The Boy With A Thorn In His Side: An Interview With Jarod Powell

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The author and filmmaker talks to Vanessa Martel about reality TV, the publishing industry, his favorite movies of the moment, Donald Trump, class warfare, and his upcoming novel, TweakerBaby.

Before he released his landmark experimental YA novel, Boys In Gilded Cages, Jarod Powell stumbled along a path to limited success, working in the film industry as an intern, office manager, and on-assignment screenwriter, as he could find gigs.

He grew up in southeast Missouri, and spent some time in Los Angeles before settling back in St. Louis, where he wrote and published two books, the 2009 short story collection Inheritance and Other Stories, and 2014’s Poor Man’s Imaginary Friend, both of which foreshadowed some characters that were to be in his first novel years later. If his fictional work is any indication, his childhood in Missouri was rife with struggle, leading one to wonder about his own origin story.

After spending years in St. Louis, Powell is newly settled in rural Missouri, outside of a small town he has declined to name.

After abandoning LA, he wrote, produced, and directed two short films, Hypnos and Smoke Colored Light, which screened at festivals from Indiana to Switzerland, and published a Kindle Single, Quiet Light. He is currently working on a graphic novel, and has turned in his official follow-up to Boys In Gilded Cages, a novel that is curiously titled TweakerBaby, to his publisher. It’s due out in May 2017. Meanwhile, he is working on several more films, as well as a fiction anthology with the working title It Burned Me Alive, And Then It Set Me Free, presumably collected from his now-defunct blog Project Hawthorn.

The Boy With A Thorn In His Side: An Interview With Jarod Powell PhotoConversation with Powell is a bit of a whirlwind, dryly funny with a hint of sadness and the occasional feeling that he is scared by his own considerable intellect. He is secretive, softly but flatly rejecting probing questions with a soothing, stoneresque baritone. When he speaks of the state of culture and politics, his voice gets raised and almost angry, and his vaguely southern accent starts to show itself. He occasionally stops himself when he’s aware of this change in cadence.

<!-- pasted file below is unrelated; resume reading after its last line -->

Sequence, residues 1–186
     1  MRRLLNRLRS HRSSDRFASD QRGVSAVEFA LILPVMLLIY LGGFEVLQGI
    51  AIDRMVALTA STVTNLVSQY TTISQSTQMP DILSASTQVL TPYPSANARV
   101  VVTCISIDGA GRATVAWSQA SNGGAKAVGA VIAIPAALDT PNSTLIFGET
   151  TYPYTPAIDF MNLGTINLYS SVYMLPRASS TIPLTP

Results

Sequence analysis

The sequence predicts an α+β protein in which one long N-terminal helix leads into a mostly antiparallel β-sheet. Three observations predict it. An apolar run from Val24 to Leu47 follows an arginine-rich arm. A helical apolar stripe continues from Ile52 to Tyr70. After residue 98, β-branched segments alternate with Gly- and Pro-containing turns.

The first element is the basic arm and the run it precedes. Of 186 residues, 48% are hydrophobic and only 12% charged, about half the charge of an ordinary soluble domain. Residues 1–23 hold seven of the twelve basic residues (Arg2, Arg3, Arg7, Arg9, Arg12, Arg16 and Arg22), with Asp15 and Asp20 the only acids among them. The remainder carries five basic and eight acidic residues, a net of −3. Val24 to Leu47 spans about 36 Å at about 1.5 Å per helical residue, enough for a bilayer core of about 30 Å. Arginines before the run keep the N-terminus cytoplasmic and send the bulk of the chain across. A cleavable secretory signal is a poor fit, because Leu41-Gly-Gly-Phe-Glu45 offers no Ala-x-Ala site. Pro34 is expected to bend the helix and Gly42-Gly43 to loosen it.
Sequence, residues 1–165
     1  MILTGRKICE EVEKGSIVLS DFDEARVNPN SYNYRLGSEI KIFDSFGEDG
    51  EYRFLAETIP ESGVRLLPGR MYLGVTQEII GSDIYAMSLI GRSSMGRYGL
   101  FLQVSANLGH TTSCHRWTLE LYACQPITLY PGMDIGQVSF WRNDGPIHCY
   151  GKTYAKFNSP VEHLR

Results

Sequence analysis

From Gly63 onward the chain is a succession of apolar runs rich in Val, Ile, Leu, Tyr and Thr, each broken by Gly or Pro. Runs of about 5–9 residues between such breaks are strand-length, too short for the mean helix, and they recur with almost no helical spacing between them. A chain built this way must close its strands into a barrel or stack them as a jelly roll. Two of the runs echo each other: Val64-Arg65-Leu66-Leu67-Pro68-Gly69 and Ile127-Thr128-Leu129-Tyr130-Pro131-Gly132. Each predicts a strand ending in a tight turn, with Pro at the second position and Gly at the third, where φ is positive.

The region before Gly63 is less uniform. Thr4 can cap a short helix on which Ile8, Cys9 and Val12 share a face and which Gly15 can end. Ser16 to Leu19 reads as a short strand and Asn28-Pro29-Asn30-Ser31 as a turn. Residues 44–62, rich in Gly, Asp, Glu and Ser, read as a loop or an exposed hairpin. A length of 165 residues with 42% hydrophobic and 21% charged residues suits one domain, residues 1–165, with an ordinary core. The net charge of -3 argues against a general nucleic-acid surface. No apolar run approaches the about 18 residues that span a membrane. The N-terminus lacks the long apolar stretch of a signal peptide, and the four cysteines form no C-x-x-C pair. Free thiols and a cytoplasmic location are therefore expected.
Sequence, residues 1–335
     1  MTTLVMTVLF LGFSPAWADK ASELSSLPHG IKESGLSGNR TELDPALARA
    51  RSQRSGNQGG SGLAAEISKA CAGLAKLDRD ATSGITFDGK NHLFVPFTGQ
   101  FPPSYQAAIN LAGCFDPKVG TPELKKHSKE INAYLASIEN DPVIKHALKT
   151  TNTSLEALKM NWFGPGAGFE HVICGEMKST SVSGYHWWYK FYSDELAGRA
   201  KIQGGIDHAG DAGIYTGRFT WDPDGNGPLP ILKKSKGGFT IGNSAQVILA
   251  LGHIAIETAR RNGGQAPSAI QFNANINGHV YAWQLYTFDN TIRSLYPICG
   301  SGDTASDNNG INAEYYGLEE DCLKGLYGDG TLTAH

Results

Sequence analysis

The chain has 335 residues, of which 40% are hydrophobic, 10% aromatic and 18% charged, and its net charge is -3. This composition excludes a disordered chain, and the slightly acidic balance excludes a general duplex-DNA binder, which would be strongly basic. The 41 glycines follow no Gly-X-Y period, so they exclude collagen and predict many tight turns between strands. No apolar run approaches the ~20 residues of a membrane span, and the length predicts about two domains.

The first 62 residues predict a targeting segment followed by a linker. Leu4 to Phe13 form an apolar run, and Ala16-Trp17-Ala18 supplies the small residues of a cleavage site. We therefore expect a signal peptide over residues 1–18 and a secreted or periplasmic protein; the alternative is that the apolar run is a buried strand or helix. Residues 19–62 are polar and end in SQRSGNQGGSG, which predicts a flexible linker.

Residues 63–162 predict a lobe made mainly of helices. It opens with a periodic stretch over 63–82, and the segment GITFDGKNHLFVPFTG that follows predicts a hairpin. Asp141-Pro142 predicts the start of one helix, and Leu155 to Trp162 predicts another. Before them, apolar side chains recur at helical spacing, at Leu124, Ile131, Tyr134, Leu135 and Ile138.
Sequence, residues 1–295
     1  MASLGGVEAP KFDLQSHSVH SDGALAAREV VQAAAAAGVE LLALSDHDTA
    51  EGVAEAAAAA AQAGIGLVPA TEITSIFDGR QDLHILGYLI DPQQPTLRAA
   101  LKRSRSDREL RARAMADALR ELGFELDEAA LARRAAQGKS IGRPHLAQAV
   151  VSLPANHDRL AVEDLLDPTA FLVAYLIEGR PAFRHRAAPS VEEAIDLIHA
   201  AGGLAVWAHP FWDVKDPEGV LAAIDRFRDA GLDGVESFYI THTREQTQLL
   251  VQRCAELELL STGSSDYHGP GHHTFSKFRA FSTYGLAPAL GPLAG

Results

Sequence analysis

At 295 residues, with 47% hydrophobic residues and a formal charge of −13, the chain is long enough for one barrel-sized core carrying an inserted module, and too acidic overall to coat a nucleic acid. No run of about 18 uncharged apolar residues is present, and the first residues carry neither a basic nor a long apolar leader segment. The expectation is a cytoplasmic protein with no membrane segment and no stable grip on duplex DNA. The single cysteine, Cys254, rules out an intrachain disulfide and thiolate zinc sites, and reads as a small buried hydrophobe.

He’s blunt almost to the point of absurdity, plain spoken, and witty. Even when he rambles, which is often, he seems mysterious. When he muses on his self-described “tragically uneventful personal life,” his voice reflects a strange kind of hope.

VANESSA MARTEL: What have you been up to since Boys In Gilded Cages?

Jarod Powell: I’ve just been working on projects, and trying not to stress about anything. Taking care of my health. I just turned in the next novel (2017’s TweakerBaby), maybe two weeks ago. I make sure I work out six days a week now. Why not, you know?

I’m always working, but in the past year I’ve been learning to relax, so I can actually write. I live in the middle of nowhere now, after living in major cities my entire adult life. It’s probably the best thing I’ve ever done, because there are no distractions and I can just be alone with my work. It’s cheaper, too.

I don’t have cable or Internet. After a couple of weeks without reality TV, I realized how dumb it was, and how dumb it was making me. I admire Andy Cohen in a weird way. We’re both from Missouri. But he’s definitely a purveyor of trash, and I don’t necessarily mean that in a negative way. Low culture has its place. I just wish it were less pervasive. Those kinds of shows are fun, but they’re addictive. And they play them in marathons! You can’t just watch one episode, that’s the problem.

Anyway, I just recently got an antenna so I could watch PBS, which it doesn’t even pick up. So I’ve been plowing through my movie collection. Apparently I had been buying movies compulsively and not watching them, because I hadn’t even seen half of my collection.

VANESSA MARTEL: What have you been watching?

Jarod Powell: Anything and everything. Every genre. I’ve mainly been watching The Holy Mountain and Akira over and over. Kind of fits my mood lately, and they fit the tone of what I’ve been working on. I’ve also been reading a lot. I alternate between Room and American Gods, which I’m ashamed to say I’ve owned for years, but had never bothered to read until now. I’m actually a really slow reader.

VANESSA MARTEL: What made you decide to move out of the city?

 Jarod Powell: I’ve moved around a lot the past 15 years or so, but I lived in St. Louis for about eight years, with about a six month break in between, two years ago. This move was supposed to be temporary, and I toyed with the idea of moving back to LA, but I think that’s probably a stupid idea. In order to produce the way I need to, I can’t be worrying about how I’m going to make rent. Obviously, I can write from anywhere. But the funny thing is, in order to make films I can’t be on the west coast. So I’m sticking with Missouri for a while.

VANESSA MARTEL: What films are you working on?

JP: TweakerBaby was supposed to be a feature, but I’m rethinking even making a feature right now. I don’t think I’m ready. I still want to make TweakerBaby, but I think it’ll be better as a short film. I might skip the festivals with that one, and just put it online as tie-in book promotion. I actually was in talks to write several features, but I either pulled out or turned them down.